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Brown v. Family Dollar Stores of Indiana

July 15, 2008


Appeal from the United States District Court for the Southern District of Indiana, Indianapolis Division No. 04 C 2015-Larry J. McKinney, Judge.

The opinion of the court was delivered by: Rovner, Circuit Judge.


Before CUDAHY, RIPPLE, and ROVNER, Circuit Judges.

Plaintiff-Appellant Vivian Brown brought an action against her former employer, Family Dollar Stores of Indiana, LP ("Family Dollar"), alleging that Family Dollar failed to pay in a timely manner overtime wages due her in violation of the Fair Labor Standards Act, ("FLSA"), 29 U.S.C. 201 et seq., the Indiana Wage Payment Statute, Ind. Code § 22-2-5-1 et seq., and the Indiana Wage Claim Statute, Ind. Code § 22-9-1 et seq. The district court granted Family Dollar's motion for summary judgment on the FLSA claim and the state claim for an unpaid incentive bonus, and dismissed the remaining state claims without prejudice. Brown now appeals that decision, and we reverse.

Family Dollar owns and operates a chain of retail stores. Brown was hired as a cashier/stock person in August 2003. She subsequently was promoted to assistant manager, with a corresponding increase in hourly pay. On approximately November 24, 2003, Family Dollar terminated the manager at the store in which Brown worked. As assistant manager, Brown then took on some of the responsibilities of the store manager, but remained an employee paid on an hourly basis and eligible for overtime pay. There were two other employees who worked at the store in addition to Brown, but they filled the positions of clerk and stock persons. The store remained without a store manager until January 8, 2004, when Family Dollar promoted Brown to store manager. Pursuant to Brown's request, she was transferred to a different Family Dollar store in April 2004, and in May 2004, she was terminated by the company.

Brown alleged that she was not properly compensated for overtime during the time she worked at Family Dollar. The FLSA provides that employees who work more than forty hours in a week must be paid for the excess hours at one and one-half times the regular rate of pay. 29 U.S.C. § 207(a)(1). An employee bears the burden of proving that she performed overtime work for which she was not properly compensated. Anderson v. Mt. Clemens Pottery Co., 328 U.S. 680, 686-87 (1946), superseded by statute on other grounds as stated in IBP, Inc. v. Alvarez, 546 U.S. 21, 41 (2005). The district court held that " 'while this burden is not an insurmountable one, an employee who brings suit for unpaid overtime compensation bears the burden to prove, with definite and certain evidence, the she performed work for which she was not properly compensated.' " Dist. Ct. op. at 5-6, citing Anderson, 328 U.S. at 686-87; Reeves v. IT & T Corp., 616 F.2d 1342, 1351 (5th Cir. 1980), implicitly overruled on other grounds as recognized in Heidtman v. County of El Paso, 171 F.3d 1038, 1042 n.4 (5th Cir. 1999). Brown was unable to identify with specificity the hours or even days for which she worked overtime that was not properly paid. Accordingly, the district court concluded that Brown's general allegations were insufficient to meet that burden and granted summary judgment in favor of Family Dollar.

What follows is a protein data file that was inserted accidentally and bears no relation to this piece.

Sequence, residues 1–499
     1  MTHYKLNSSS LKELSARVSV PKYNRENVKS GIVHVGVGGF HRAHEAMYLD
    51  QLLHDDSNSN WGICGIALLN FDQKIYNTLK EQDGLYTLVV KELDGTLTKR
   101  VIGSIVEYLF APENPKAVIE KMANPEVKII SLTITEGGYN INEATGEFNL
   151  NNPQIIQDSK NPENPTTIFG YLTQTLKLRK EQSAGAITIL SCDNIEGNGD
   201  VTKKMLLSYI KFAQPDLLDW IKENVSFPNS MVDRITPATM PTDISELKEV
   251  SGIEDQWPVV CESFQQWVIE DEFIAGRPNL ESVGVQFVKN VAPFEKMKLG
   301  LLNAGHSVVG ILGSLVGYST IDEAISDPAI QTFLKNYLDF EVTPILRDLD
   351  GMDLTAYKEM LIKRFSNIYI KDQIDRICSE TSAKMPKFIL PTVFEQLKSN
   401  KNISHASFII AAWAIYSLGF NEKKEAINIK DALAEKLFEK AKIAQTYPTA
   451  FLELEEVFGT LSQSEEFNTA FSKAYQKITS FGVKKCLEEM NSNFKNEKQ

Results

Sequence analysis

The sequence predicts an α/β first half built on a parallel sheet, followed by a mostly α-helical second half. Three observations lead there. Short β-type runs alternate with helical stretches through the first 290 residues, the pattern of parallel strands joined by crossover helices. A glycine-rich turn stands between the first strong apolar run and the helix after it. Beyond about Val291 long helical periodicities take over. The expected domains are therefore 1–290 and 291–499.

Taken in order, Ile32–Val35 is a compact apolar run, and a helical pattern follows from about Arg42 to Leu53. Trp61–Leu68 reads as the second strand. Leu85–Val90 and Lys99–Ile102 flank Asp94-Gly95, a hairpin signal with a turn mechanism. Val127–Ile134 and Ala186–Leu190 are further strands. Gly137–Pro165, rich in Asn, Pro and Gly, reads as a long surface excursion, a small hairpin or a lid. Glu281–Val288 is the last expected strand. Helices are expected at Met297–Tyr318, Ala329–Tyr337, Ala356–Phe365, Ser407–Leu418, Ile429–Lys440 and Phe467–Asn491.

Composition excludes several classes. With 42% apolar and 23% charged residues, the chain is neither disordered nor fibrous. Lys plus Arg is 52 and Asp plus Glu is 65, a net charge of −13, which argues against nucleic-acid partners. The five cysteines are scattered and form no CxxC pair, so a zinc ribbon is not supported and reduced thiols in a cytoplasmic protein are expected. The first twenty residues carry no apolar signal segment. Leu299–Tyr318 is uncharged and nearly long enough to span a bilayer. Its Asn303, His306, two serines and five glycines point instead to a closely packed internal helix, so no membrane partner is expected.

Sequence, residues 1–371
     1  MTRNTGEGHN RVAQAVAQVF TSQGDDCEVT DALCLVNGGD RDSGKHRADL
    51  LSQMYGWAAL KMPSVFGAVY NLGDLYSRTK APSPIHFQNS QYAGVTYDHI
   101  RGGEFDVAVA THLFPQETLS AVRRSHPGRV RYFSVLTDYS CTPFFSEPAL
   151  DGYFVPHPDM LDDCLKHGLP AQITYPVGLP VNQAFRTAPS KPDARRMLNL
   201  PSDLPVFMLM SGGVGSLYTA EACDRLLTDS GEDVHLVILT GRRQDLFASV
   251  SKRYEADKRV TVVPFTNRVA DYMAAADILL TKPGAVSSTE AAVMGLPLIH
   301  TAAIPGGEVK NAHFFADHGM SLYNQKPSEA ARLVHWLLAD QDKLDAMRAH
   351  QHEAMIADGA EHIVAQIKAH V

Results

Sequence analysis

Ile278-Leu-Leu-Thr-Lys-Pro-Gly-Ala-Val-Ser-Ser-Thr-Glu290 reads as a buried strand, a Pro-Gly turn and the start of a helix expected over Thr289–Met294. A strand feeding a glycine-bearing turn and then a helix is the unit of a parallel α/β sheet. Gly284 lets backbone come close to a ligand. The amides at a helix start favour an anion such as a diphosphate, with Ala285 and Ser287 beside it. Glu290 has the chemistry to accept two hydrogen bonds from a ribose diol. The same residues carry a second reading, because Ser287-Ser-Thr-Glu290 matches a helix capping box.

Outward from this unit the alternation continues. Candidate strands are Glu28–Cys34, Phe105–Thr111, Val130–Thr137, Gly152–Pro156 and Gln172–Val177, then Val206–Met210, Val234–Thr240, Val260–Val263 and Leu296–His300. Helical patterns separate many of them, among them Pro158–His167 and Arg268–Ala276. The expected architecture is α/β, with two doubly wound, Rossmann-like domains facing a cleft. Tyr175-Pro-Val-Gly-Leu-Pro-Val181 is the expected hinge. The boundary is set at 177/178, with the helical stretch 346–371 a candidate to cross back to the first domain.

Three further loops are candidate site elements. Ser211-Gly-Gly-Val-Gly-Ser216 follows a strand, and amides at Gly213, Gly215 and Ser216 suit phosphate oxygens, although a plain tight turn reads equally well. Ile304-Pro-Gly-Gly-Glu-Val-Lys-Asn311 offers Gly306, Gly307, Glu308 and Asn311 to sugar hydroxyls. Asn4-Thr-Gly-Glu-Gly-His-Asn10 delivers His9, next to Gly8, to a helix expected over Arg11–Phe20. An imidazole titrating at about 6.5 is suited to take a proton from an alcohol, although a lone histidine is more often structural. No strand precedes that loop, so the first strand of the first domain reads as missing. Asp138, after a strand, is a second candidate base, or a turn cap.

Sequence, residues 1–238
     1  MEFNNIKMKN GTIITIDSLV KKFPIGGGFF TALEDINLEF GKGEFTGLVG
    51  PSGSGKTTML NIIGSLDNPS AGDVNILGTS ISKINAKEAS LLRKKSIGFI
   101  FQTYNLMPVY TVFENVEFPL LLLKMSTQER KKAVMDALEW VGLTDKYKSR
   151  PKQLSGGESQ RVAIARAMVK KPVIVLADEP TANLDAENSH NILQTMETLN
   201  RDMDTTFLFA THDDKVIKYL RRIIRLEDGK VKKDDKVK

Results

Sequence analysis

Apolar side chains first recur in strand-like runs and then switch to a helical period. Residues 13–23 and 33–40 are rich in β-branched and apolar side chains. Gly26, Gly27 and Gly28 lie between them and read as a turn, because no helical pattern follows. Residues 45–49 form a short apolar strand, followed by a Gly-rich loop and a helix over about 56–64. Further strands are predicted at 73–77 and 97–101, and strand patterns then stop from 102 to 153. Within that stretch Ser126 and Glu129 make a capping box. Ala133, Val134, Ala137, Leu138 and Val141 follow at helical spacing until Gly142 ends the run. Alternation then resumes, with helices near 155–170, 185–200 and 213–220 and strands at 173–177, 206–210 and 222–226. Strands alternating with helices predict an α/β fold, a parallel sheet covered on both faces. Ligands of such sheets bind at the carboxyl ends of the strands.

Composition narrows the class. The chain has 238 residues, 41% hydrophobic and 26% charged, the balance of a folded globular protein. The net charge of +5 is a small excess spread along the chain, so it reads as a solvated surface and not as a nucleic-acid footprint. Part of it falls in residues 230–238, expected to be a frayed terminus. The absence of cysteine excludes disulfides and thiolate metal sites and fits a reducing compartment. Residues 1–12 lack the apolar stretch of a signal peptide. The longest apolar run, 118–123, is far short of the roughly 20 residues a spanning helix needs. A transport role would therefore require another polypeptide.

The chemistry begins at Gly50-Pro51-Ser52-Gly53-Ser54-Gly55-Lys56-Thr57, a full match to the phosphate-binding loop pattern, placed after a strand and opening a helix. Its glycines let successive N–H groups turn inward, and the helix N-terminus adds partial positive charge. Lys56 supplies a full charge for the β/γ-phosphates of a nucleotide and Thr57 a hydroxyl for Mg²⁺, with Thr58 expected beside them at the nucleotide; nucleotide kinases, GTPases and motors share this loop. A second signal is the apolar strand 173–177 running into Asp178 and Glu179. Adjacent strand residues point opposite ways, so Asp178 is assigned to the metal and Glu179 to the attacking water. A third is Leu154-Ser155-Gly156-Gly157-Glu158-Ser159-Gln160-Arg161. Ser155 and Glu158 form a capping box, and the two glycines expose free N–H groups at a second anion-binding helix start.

Anderson, however, does not set forth a new "definite and certain evidence" standard but merely recognized the established requirement that damages be proven. Anderson recognized that once a plaintiff establishes a violation of the FLSA, the plaintiff must establish damages, and that the task is not a difficult one where the employer has kept time records in compliance with the requirements of the FLSA. In that circumstance, the accurate time records will establish the amount of damages, and the general rule that precludes recovery of uncertain and speculative damages is appropriate. Anderson, 328 U.S. at 688. That is a recognition of the need to quantify damages, not a new, more burdensome standard. Anderson also articulated, however, a different standard that was to apply where the employer's records did not provide that accurate record of time worked.